What I'd do with the imagery next is map out all of the features you can discern from the imagery. I use Mapmaker for this sort of thing or Globalmapper if I want to get really stuck in. All your linear features, enclosures and bumps can be mapped fairly easily. The tricky bit is to then attempt to date things. The easiest way for that with what you have might be to simply assign a tentative relative chronology to the features you map. For example, looking at the imagery it seems to me you have a set of modernish field boundaries (which could all be assigned modern in your map) overlaying enclosure(s), possible mounds and field boundaries or linear(ish) features. You also have at least two knowns, the Anglo Norman stuff. So you can have a provisional map with modern, Anglo Norman and the rest. Presumably you'll be able to have a look at some of this stuff at ground level in which case you can attempt to determine which features are on top of others and so you might be able to firm up the chronologies of 'the rest'. If you can't do that you can at least filter out the modern features from your map and look at the elements remaining - it's surprising how just doing that can lead to a better understanding of a site/landscape especially if the elements you've mapped appear somehow related.

Dates: well without excavation you'll never be sure and the info at present isn't enought o date anything but given the rock art, oval(ish) enclosure, mounds etc you could have quite a complicated multiperiod landscape. The fields/liinears could be remnants of early med farming or maybe fields associated with an Early Christian site, more likely they post-date the Anglo Norman though. Do let me know how you get on or have queries and do please let me know about the tools you're using, cheers, Mike.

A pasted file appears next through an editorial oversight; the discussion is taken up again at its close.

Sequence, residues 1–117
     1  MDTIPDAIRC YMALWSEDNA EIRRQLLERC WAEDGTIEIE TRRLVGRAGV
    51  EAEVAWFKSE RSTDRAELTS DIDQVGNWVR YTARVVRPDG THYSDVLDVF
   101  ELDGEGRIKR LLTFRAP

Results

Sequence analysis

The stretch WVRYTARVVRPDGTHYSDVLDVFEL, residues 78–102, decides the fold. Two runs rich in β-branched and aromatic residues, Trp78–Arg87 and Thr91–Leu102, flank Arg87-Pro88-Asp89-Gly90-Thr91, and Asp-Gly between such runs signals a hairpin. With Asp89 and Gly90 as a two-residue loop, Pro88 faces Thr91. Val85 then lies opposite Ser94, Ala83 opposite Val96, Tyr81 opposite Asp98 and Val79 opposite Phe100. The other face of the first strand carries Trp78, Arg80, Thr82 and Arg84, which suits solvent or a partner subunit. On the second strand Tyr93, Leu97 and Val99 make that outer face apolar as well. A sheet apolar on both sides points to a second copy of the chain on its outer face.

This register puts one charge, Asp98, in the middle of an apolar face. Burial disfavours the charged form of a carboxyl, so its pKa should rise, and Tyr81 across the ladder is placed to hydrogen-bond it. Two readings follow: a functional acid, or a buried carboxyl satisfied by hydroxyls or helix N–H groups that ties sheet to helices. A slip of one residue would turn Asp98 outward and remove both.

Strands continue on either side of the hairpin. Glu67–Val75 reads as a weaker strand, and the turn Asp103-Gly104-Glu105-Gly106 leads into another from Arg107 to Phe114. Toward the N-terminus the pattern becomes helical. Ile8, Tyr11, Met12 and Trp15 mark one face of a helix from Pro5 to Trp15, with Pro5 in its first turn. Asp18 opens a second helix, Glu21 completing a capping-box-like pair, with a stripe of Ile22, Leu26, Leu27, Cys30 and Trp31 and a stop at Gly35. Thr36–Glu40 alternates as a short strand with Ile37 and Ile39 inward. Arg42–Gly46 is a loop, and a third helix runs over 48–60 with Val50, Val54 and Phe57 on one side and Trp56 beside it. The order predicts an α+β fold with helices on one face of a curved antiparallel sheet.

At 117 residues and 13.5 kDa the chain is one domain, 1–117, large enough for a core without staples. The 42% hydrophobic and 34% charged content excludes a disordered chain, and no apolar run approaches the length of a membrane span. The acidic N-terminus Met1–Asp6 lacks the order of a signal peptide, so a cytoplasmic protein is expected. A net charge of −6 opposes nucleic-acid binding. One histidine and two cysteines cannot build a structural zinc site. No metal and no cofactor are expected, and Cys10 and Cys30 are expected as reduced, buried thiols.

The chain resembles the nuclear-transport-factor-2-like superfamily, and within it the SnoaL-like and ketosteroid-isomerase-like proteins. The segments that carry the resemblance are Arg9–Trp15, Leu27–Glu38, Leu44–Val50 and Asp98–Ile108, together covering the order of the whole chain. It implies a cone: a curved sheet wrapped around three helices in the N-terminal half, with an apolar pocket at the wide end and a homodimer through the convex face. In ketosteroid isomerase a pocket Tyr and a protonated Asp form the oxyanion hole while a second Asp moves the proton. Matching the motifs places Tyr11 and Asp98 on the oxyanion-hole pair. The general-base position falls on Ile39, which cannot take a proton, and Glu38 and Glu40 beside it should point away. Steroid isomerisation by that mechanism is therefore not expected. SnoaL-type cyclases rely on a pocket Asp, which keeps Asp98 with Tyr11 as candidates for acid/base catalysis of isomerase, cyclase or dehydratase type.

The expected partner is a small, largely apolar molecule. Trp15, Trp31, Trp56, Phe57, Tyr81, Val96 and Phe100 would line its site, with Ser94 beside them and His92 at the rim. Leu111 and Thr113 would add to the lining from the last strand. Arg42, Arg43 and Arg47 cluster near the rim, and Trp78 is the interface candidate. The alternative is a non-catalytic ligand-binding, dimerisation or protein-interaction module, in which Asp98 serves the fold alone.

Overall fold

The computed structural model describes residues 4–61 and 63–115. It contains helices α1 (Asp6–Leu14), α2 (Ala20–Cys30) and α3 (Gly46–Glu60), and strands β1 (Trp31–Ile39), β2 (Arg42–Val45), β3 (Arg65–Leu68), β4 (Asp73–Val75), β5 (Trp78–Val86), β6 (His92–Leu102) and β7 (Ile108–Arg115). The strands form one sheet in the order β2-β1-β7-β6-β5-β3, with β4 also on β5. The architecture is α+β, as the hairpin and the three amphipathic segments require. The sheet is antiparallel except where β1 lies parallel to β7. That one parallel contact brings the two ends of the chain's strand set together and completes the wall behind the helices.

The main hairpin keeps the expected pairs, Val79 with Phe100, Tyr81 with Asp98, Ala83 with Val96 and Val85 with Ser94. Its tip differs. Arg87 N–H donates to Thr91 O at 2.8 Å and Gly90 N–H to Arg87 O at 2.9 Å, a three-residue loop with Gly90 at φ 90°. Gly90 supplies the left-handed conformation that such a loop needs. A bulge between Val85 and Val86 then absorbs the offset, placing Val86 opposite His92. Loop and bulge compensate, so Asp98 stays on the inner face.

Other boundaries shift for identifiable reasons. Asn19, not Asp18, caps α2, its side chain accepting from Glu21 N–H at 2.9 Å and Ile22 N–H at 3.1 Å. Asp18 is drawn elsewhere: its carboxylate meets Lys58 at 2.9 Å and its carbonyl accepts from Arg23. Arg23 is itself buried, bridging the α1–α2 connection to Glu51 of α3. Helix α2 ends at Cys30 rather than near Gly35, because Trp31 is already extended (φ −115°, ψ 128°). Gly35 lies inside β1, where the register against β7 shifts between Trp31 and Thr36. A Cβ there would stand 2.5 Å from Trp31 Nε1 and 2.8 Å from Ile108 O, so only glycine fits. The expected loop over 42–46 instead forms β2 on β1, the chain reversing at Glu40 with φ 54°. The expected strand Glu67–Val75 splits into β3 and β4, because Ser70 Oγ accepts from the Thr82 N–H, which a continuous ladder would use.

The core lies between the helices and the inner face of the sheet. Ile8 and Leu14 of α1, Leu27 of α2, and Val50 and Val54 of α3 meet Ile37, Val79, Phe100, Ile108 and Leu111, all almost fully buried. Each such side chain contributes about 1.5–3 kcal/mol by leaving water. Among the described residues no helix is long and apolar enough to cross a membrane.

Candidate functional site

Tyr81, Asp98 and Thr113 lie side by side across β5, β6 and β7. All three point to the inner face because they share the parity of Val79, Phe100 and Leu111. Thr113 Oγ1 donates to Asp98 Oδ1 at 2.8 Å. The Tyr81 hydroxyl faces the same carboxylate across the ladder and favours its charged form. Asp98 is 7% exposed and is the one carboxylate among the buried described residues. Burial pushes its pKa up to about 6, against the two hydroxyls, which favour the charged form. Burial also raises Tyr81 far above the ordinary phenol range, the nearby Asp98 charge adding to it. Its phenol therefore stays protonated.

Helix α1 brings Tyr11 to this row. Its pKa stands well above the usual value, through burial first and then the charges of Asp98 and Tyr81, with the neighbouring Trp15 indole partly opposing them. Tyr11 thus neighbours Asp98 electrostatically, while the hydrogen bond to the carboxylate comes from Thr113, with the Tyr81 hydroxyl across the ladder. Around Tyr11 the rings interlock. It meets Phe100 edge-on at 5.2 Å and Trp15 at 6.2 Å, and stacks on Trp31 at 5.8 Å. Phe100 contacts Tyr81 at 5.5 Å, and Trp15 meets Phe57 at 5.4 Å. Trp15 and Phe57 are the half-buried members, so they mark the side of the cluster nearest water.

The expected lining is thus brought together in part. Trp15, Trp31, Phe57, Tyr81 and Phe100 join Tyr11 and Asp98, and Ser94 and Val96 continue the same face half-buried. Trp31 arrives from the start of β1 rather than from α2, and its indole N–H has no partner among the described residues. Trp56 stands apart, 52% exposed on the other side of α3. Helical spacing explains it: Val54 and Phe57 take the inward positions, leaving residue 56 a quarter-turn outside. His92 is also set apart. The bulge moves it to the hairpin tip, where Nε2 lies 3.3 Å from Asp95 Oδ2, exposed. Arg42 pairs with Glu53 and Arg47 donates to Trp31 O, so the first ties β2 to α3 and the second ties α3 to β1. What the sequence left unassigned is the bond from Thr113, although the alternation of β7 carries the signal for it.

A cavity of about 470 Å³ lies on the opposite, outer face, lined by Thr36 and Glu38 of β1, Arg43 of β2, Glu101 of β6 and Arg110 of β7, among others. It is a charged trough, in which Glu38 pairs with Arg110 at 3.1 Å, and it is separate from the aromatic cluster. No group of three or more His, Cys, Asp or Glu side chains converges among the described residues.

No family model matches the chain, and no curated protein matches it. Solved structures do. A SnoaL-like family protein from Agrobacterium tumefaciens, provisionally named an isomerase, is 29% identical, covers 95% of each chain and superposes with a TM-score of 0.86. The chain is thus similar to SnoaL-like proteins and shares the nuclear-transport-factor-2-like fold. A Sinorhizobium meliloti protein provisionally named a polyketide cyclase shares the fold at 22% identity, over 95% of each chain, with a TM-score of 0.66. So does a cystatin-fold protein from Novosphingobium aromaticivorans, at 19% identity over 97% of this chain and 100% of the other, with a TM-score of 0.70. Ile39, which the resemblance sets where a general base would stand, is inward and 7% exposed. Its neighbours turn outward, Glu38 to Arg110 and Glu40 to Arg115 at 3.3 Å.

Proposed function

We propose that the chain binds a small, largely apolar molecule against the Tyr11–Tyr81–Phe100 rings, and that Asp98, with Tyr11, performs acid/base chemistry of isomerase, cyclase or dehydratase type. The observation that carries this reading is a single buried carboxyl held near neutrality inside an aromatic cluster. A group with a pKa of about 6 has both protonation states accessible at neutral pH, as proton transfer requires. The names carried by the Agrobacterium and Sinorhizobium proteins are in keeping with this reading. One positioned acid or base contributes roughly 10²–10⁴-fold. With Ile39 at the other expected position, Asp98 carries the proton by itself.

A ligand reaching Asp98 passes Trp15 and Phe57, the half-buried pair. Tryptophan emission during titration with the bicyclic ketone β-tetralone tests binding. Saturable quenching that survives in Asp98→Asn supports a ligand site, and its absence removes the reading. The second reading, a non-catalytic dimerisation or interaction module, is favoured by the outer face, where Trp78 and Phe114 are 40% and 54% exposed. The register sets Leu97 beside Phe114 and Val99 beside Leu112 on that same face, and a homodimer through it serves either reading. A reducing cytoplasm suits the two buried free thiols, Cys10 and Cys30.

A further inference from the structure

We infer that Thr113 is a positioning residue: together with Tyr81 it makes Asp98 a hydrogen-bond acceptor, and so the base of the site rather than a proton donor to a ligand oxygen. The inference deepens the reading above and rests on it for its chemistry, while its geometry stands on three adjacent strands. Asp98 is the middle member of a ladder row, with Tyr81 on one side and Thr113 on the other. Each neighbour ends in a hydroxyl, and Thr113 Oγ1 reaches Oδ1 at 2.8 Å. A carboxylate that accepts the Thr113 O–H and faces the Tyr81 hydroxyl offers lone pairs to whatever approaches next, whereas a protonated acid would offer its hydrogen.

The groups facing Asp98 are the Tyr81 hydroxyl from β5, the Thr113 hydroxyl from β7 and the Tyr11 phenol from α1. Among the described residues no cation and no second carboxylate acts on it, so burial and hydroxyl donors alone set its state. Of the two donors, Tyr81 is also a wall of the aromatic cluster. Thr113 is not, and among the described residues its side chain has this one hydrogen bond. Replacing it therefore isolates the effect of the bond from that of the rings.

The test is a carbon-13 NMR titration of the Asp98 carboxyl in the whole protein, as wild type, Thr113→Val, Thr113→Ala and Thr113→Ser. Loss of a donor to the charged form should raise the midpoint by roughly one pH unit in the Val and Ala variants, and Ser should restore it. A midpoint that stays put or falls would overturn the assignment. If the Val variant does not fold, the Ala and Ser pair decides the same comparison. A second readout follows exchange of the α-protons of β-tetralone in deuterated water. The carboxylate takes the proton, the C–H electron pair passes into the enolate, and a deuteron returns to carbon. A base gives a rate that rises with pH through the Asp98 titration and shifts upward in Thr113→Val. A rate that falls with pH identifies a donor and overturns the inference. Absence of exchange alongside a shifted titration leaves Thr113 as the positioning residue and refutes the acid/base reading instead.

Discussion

simon.dUser is Offline
New Member
New Member
Send Private Message
Posts:2
simon.d

--
16 Mar 2013 08:03 AM
Apologies about the delay in reply dutyfree,and thanks for the feedback

The image below is the plane I'm using, a Radian Parkzone.. Very easy to fly, with only a rudder and elevator (no flaps or ailerons to be worrying about). Can be hand launched, and caught, so very flexible in terms of where you can fly from. 2m wingspan, so can carry point and shoot cameras very easily... Critically it's slow flying, and can hang stationary when flown into a bit of a breeze, so motion blur isn't much of an issue.




Camera wise, I'm using a canon powershot camera. The critical aspect of this series of camera is that the firmware has been hacked by chdk, which provides you with very high levels of control over settings, and the capacity to run scripts. So shutter speed can be upped (to minimise motion blur) and intervalometer script can be run to make the camera continually shoot away at a specified time interval while in flight. The CHDK website lists which models are compatible with the firmware hack, so take care in choosing one that is supported. Suitable cameras can be picked up on ebay second hand for €40 or €50.

Most recent capture was a multivallate site in Co. Kilkenny, here in Ireland. Try to publish most of this stuff on my blog, aerialarchaeology.blogspot.com

You are not authorized to post a reply.

Go to email Go to delicious.com Go to digg Go to technorati Go to reddit Go to stumbleupon Go to facebook Go to newsvine Go to simpy Go to google bookmarks Go to yahoo bookmarks Go to yahoo myweb Go to ask Go to slashdot Go to rawsugar Go to mister-wong Go to backflip Go to diigo Go to tailrank Go to live Go to twitter Go to fark Go to blogmarks Go to linkagogo Go to wink Go to ma.gnolia Go to bluedot Go to netvouz Go to blinklist Go to sphinn
Home · Connect · Contribute
Copyright 2013 Online Archaeology   |   Terms of Use   |   Privacy Statement